Here it appears that plaintiff initially attempted to serve defendant Travis Carter by certified mail which was received on May 3, 2007 (docket entry number 3), but my December 11, 2007 Order found this attempt at service to be defective because certified mail is not a proper method of service under the federal rules and plaintiff did not comply with the rules for service by mail under the law of Pennsylvania (the state in which this district court is located) or California (the state in which service was attempted). Plaintiff appears to have thereafter twice attempted personal service on defendant Carter (docket entry number 23).

On Tuesday, April 8, 2008, plaintiff attempted to serve defendant Carter at Phoenix Lending Group's offices, but found them to be vacant. The next day, plaintiff attempted to serve defendant Carter at Phoenix Lending Group's new address, but there was no record of a Travis Carter employed with the company (docket entry number 23).

Plaintiff's efforts to serve defendant Carter have been insufficient. After plaintiff's service by mail was found to be defective, plaintiffs made only two attempts to serve defendant Carter. These attempts were made on consecutive days, and the first of these attempts was made at an office that turned out to be vacant. There is no indication that plaintiff attempted to serve defendant Carter at his home or at the offices of his new employer. Therefore, I find that plaintiff has not made the required practical efforts to serve the defendant under the circumstances.

Reasonably Calculated Notice

Third, plaintiff's method of service must be reasonably calculated to provide the defendant with notice.

For the court to determine whether service by publication is reasonably calculated to provide the defendant with notice, the plaintiff must specify the newspapers in which he intends to publish notice. See Penn, 1989 U.S.Dist. LEXIS 12549 at *10 n.3. Pennsylvania requires that service by publication be made "by advertising a notice of the action once in the legal publication, if any, designated by the court for the publication of legal notices and in one newspaper of general circulation within the county."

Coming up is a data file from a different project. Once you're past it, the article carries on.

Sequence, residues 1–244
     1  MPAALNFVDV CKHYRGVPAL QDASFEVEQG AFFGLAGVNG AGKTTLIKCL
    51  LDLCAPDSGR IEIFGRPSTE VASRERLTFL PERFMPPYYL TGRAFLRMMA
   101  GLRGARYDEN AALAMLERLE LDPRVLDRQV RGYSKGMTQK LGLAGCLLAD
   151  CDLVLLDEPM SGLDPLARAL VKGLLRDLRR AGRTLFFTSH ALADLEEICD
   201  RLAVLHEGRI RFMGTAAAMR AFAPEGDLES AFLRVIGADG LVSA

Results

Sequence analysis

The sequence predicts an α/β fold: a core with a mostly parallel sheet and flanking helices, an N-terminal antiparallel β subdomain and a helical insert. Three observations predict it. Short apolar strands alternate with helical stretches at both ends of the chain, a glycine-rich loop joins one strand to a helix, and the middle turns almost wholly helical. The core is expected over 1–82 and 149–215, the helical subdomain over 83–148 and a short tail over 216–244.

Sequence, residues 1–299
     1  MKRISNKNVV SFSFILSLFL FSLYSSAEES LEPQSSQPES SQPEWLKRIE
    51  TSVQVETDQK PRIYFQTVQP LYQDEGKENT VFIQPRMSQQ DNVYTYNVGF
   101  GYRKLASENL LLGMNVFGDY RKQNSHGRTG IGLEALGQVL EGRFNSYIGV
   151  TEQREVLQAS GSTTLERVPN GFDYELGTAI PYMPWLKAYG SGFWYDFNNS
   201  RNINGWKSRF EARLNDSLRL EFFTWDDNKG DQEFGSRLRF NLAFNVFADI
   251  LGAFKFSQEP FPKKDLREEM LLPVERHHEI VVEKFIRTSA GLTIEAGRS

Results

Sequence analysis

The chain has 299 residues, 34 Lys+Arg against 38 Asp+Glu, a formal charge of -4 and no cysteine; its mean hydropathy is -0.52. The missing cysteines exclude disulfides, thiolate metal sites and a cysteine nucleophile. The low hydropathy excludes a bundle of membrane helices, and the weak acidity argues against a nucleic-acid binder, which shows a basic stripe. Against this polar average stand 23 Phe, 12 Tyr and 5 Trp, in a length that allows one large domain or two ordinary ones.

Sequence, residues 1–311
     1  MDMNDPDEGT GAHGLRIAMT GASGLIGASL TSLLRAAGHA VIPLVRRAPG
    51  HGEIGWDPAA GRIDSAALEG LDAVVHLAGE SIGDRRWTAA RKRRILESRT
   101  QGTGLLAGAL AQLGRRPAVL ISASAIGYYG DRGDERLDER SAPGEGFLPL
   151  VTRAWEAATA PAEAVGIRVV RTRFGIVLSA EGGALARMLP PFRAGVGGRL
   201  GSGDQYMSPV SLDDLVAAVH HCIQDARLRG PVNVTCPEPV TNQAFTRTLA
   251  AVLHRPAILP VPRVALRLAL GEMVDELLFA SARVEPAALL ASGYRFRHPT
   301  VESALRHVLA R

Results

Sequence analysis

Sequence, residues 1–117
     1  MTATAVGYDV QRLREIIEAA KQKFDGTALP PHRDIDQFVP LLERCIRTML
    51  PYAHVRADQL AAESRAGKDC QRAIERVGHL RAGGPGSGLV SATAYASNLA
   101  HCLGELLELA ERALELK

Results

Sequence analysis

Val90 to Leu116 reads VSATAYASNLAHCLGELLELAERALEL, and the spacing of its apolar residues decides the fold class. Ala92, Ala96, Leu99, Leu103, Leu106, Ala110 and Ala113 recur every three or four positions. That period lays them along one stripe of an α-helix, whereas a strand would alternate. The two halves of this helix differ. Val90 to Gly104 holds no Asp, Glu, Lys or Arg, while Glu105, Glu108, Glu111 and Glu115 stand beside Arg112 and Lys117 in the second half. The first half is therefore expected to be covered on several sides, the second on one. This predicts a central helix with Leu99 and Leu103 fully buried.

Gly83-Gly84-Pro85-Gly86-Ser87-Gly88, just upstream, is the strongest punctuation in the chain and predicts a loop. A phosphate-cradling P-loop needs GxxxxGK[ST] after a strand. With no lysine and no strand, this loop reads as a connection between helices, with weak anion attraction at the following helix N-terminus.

Pa.R.Civ.P. 430(b)(1).

Service by publication will be permitted "only where the court is convinced that the published notice is placed where it is most likely to be seen by the defendant. A showing that the method of service requested is calculated to notify the defendant of the action is an essential component of any supporting affidavit." Flannigan, 2007 U.S.Dist. LEXIS 7312 at *5.

For service by publication to be reasonably calculated to provide notice, publication must be made both in the county of the incident and the county of the defendant's last known address. See Levin v. Richter, 1991 U.S.Dist. LEXIS 1287, *3-4 (E.D.Pa. February 4, 1991)(Kelly, J.); Kittanning Coal Co., 551 F.Supp. at 838-839; see also Romeo v. Looks, 369 Pa.Super. 608, 618-619, 535 A.2d 1101, 1106-1107 (1987); Clayman, 173 F.R.D. at 140.

In addition, the plaintiff must have specific information about where the defendant lives or works for service by publication to be reasonably calculated to provide the defendant with notice. See Long, 2003 U.S.Dist. LEXIS 9262 at *5; Clayman, 173 F.R.D. at 140-142; see also Banks, 2008 U.S.Dist. LEXIS 49954 at *6. Merely publishing in a widely circulated publication will not suffice. See Clayman, 173 F.R.D. at 141.